Now I understand the War of the Roses--such bloodshed! This weekend Sis and I attended another annual Southern Writers' Project of the Alabama Shakespeare Festival. A marvelous Friday through Sunday of readings by new and somewhat-new playwrights both young and adult then evenings and matinees of this season's plays. I have to say I'm learning to "hear" strong and weak points of plays in the early stages of development which readings are for, and discussions afterwards gives the playwright a glimpse of what did and didn't appeal to the audience about the characters and situations.
"Rocket City" told of early stages of Warner von Braun's arrival with his German scientists into the city of Huntsville, AL, and the residents' reactions; "The Dragonfly Tale" showed us a communtity largely inhabited by blacks with a Jewish shopkeeper's involvement in their lives--an inside view of humanity:physical violence, pettiness, friendship, love, hate..."The Fall of the House" concerned a group of people stranded at one house the day after Katrina hit, how one woman stood her ground not to leave her home, while the victims she nurtured attempt to convince her to leave with the rescue boats.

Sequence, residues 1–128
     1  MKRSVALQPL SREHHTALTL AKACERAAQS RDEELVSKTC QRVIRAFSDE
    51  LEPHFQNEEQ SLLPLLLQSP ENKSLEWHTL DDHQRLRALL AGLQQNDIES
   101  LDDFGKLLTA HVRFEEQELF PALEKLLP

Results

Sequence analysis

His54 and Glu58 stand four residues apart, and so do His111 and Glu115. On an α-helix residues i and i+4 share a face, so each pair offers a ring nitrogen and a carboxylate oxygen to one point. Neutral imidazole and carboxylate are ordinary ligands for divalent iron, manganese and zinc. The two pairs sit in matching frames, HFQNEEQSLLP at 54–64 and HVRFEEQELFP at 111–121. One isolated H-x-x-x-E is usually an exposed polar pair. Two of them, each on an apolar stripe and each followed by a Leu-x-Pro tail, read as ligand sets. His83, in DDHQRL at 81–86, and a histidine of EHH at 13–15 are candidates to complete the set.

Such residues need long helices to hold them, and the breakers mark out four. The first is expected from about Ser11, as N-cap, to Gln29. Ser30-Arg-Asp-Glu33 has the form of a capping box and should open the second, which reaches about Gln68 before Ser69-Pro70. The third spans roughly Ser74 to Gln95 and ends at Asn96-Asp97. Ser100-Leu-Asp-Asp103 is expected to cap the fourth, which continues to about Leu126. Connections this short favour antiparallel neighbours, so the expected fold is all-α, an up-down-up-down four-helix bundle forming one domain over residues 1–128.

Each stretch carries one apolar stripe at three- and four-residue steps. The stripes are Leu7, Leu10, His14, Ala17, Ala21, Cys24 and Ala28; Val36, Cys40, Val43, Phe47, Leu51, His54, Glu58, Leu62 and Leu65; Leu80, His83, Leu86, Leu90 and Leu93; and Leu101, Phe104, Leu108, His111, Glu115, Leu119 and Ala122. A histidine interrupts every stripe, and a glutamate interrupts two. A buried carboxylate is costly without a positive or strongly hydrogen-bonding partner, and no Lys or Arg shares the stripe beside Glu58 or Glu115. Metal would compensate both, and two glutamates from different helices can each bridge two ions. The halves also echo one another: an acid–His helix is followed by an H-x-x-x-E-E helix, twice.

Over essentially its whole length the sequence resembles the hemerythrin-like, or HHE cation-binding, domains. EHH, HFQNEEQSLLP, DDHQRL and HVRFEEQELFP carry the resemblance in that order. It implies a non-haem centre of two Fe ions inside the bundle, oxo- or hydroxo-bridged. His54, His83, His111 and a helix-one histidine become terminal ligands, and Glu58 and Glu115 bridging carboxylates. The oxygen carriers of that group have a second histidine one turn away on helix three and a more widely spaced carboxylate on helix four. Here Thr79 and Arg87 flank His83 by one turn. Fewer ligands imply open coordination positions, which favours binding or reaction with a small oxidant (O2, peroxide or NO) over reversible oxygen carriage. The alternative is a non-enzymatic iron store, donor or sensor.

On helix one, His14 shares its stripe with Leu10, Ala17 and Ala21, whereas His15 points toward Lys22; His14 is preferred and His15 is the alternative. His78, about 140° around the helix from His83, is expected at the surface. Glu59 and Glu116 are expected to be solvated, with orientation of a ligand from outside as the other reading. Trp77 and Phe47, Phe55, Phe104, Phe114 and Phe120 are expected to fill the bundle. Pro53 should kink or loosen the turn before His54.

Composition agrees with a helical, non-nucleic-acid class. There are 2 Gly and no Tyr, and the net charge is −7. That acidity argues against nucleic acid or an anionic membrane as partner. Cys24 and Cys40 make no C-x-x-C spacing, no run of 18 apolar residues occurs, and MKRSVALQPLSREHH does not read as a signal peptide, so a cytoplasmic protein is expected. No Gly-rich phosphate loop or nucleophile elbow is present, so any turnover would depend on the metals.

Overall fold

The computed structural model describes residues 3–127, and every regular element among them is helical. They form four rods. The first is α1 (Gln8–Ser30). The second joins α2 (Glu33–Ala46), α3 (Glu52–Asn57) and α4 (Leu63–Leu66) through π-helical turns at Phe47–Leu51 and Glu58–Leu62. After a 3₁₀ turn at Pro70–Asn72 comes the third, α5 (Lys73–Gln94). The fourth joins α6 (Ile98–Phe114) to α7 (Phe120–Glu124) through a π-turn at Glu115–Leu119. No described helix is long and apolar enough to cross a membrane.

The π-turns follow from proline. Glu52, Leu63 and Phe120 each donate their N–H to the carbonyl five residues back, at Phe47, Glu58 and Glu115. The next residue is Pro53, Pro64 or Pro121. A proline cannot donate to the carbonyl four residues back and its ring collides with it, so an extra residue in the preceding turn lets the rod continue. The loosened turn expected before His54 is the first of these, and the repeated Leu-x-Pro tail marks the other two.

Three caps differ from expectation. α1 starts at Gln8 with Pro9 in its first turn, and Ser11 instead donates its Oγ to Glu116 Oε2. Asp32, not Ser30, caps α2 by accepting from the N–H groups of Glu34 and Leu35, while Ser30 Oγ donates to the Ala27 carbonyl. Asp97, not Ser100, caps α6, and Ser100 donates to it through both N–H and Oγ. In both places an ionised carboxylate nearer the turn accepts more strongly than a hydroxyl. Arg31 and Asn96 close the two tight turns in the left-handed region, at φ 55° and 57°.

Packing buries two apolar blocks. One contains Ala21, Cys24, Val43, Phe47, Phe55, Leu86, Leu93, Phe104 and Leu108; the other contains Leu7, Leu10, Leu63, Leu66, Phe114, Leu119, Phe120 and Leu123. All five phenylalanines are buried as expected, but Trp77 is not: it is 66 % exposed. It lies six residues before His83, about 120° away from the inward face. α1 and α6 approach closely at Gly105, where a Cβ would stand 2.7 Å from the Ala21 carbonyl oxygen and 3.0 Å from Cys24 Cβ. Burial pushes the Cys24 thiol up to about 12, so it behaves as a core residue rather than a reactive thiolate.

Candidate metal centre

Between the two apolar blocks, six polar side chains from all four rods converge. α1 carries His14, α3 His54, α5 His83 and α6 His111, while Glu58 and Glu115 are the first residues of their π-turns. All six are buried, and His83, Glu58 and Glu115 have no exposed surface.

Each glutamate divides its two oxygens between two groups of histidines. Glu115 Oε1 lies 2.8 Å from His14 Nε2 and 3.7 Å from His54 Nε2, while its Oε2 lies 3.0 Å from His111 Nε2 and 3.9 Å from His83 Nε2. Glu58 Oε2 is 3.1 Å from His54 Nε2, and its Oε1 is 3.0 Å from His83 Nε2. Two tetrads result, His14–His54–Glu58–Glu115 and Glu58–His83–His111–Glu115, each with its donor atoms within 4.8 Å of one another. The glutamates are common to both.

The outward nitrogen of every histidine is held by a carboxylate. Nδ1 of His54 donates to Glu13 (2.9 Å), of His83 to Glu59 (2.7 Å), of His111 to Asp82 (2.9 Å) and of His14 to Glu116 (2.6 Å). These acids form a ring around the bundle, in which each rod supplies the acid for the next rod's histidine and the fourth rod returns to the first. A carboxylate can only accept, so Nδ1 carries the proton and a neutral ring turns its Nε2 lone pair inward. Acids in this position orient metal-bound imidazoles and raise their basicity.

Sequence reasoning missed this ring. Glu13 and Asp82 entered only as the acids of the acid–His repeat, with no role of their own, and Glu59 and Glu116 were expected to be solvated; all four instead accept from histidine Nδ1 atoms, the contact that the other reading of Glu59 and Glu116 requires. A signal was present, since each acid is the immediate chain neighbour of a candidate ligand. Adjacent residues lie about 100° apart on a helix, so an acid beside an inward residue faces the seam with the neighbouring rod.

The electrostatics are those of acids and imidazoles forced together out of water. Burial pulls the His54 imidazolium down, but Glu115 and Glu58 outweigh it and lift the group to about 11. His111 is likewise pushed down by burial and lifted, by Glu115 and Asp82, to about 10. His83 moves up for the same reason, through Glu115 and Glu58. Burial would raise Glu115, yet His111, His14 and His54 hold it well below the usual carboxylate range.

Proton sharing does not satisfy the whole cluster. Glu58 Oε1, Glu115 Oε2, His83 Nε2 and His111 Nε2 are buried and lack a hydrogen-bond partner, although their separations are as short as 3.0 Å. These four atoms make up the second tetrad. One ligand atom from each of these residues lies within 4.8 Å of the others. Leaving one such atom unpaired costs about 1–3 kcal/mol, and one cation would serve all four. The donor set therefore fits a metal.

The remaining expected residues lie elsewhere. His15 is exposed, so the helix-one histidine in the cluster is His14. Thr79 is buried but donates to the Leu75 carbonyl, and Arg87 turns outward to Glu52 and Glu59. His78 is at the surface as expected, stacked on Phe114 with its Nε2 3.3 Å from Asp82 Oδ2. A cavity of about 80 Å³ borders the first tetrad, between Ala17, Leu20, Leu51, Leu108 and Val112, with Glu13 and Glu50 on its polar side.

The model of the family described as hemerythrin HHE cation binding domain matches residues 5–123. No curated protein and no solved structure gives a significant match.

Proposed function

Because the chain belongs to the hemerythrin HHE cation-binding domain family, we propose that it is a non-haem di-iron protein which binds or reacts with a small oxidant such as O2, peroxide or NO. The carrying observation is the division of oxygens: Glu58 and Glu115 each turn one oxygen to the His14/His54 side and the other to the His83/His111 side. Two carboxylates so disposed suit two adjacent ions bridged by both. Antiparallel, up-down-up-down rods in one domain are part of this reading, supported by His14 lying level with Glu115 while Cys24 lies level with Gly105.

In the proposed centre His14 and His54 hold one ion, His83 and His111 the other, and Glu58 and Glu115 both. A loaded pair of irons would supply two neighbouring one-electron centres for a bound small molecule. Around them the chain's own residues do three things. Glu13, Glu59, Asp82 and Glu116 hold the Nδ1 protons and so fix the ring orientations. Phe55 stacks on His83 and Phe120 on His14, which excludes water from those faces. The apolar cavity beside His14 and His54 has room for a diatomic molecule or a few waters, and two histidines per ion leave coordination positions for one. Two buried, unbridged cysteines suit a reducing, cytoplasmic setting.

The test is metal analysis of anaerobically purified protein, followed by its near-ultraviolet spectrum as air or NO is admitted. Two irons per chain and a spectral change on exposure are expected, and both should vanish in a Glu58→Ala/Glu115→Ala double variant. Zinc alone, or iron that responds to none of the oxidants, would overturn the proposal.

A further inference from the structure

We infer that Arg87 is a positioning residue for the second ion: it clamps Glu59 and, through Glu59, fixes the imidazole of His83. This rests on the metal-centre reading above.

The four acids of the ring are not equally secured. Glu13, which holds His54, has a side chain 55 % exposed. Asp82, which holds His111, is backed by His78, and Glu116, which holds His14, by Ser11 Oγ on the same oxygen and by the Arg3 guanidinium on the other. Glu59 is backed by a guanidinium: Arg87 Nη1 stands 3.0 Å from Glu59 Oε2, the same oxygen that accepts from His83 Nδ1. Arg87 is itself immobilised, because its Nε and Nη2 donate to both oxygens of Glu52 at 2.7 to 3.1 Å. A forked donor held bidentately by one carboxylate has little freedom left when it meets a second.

Evenings we saw Henry VI Part B (having missed Thursday's production of Part A) where a second generation continues bloodshed to gain the crown and Richard III whose "right to the crown" was tweaked by Richard killing off his brothers and families and his loyal subjects to gain the power he felt he deserved. Lots of action, but most of all, a better understanding of Shakespeare's works. A quick review of history beforehand of how Shakespeare himself tweaked history for his dramatic plots by a seasoned college professor, gave us the understanding we should have obtained in our own college lit classes. Not an adult in the audience would have protested a class in Shakespeare after these productions. The program ran a genealogy chart of the "Dynastic Rivalry of The Wars of the Roses: It's All in the Family." that should be kept while rereading these famous plays. The resident actors and MFA students gave outstanding performances.
Present at the weekend festivities were playwrights who are making quiet noises in the play world. Their names unknown by most of the public, but will in coming years be recognized. Talks by these writers is worth the weekend away from home. We all left with the idea we could write a play.
"Thinking of You," a last year's reading by Peter Hicks was the light presentation. This is about a family's psychic ability and how it interferes with the daughter's opportunities to find a decent boyfriend who can overlook the fact that his girlfriend can read his thoughts. Funny, almost to slapstick.
Now I'm back to normal, ready to attack unpacking of boxes and replacing of furniture after five weeks of house renovations. As I rummage through the boxes I can lose my mind in the battles of royal families...